Good and evil are cultural constructs that always change over time and geography.
But Zarathushtra does not discuss good or evil in The Gathas (people who make such claims have read sloppy translations). Zoroastrianism is not about good and evil. Zoroastrianism is about mentalities. A constructive mentality that wants what is best for the world, that wants life itself, against a destructive mentality which is against life in itself, that wants to belittle the world and what we humans think, say and do.
And mentalities are forever. Zarathushtra's philosophy is therefore as relevant today as it was 3,700 years ago. We want to have and to nurture the constructive mentality, this is what it means to be a Zoroastrian. This is what our daily meditations are all about!
John Dewey is a brilliant philosopher. A Zoroastrian in disguise if ever there was one. He is also interestingly the hero of Barack Obama.
2009/4/3 maneck d
- Dölj citerad text -
The second para of your attached mail discusses goodness and badness.
IF Evil today was considered Good sometime ago, what changed?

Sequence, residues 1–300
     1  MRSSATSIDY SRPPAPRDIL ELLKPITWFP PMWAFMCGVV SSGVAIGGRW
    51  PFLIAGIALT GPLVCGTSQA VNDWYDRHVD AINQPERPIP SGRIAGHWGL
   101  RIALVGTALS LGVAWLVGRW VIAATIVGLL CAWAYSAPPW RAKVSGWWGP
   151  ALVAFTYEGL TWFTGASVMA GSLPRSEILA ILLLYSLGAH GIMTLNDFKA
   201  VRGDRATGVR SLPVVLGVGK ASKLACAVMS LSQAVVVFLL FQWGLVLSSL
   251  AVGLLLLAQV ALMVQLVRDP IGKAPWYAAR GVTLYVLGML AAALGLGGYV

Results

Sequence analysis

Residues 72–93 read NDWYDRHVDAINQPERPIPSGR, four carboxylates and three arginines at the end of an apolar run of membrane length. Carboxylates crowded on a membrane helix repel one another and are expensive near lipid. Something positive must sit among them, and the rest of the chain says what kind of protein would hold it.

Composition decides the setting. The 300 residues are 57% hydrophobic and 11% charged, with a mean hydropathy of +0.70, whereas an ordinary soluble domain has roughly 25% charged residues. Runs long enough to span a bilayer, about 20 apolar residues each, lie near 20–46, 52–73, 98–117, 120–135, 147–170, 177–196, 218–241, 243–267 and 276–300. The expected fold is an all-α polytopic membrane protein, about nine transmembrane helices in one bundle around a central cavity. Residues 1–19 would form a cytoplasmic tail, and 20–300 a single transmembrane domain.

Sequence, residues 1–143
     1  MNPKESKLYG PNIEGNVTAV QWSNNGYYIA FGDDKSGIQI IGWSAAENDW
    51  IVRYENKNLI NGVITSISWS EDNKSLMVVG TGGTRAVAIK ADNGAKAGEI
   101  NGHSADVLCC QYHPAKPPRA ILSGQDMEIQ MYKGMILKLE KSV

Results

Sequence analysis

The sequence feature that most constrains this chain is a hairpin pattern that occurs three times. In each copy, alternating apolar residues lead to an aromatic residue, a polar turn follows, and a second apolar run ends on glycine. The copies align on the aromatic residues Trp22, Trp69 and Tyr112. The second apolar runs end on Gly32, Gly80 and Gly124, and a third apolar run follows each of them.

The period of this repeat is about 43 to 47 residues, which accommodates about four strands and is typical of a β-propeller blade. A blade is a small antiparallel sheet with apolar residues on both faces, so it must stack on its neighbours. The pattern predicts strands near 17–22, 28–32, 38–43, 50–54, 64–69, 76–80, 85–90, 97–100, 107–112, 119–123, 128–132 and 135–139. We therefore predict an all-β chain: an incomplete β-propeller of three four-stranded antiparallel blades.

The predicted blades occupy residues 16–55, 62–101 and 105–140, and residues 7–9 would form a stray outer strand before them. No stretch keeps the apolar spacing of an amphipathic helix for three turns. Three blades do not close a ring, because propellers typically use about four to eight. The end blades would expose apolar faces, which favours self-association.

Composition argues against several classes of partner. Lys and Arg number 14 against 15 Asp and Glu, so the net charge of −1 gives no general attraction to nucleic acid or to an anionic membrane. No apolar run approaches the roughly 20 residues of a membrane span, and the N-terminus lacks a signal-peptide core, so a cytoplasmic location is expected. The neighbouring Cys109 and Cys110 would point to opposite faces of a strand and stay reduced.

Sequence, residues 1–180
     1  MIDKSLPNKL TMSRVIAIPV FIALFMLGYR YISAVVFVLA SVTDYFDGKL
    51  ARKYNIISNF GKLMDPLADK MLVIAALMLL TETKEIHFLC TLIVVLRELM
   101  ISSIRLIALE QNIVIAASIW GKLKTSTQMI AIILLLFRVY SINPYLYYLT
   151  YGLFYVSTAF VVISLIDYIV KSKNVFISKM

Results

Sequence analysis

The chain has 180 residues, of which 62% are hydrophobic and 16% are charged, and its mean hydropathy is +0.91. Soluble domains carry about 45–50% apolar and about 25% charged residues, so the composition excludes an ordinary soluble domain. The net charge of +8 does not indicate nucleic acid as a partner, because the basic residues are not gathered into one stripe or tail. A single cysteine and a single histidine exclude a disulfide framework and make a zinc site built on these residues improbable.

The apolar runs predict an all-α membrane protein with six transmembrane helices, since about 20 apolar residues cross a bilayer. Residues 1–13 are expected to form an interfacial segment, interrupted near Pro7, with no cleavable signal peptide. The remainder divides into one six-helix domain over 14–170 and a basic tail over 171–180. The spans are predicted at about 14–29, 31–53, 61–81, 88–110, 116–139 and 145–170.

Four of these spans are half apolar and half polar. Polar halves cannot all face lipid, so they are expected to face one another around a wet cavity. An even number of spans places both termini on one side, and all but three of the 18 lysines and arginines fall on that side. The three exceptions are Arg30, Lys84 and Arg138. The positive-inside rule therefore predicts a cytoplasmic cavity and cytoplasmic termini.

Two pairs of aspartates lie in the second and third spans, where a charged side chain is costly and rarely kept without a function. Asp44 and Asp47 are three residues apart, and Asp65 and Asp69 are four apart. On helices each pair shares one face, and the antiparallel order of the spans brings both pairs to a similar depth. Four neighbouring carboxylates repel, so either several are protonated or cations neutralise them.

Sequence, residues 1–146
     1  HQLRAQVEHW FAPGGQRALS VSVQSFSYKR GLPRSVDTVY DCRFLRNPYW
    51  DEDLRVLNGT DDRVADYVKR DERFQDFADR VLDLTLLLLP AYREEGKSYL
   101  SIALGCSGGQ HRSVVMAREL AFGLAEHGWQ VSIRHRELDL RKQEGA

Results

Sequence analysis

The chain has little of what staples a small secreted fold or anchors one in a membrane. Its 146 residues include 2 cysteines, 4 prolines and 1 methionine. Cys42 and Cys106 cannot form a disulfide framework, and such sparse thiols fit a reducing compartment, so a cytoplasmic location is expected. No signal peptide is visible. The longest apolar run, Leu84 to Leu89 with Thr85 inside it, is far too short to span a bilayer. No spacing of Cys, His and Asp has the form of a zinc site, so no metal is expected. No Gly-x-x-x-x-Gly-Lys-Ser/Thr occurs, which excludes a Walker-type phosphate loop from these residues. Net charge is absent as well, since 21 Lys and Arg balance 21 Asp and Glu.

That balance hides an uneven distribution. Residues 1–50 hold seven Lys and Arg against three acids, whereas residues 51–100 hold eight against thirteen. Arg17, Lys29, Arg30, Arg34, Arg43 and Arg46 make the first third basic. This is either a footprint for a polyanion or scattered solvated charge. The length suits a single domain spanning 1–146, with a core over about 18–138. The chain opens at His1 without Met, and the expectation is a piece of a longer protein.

Our Brains, our culture, and the considerations they go through??
Thus my query in the earlier mail, as to whose Brain would decide an Item (thoughts/words/actions) to be Good or Bad?
I hope I have made it clearer now.
Cultures and Societies have different standards, about Good and Evil. The Vegetarian Hindus termed our daily non veg animal food as totally Evil acts, while we Zs brought up in the non veg ParsiZ culture did not even give it a thought.
Dino, if I have butted in and diverted from your thoughts in your mail and what you were explaining, please disregard my earlier mail and continue with your discussions.
----- Original Message -----
Sent: Friday, April 03, 2009 5:28 AM
Subject: [Ushta] John Dewey's Take on Good and Evil
We've exhaustively discussed good and evil many, many times. But let me please introduce John Dewey's take on good and evil, which I find very interesting. Unfortunately, I don't have the original words, only a German translation of a collection of Richard Rorty's essays (who happens to be my favorite philosopher these days).
Goodness is not the total "remoteness" of badness or evil. In a way, goodness has grown out of badness - what we consider evil today used to be good some time ago (such as torturing prisoners), but doesn't serve our purpose anymore (such as discriminating against women and homosexuals in the name of God). When making choices, we don't (want to) see evil as what it is, because it still is supposed to be one of the goods that are competing with each other. Only time can teach us what's right and wrong.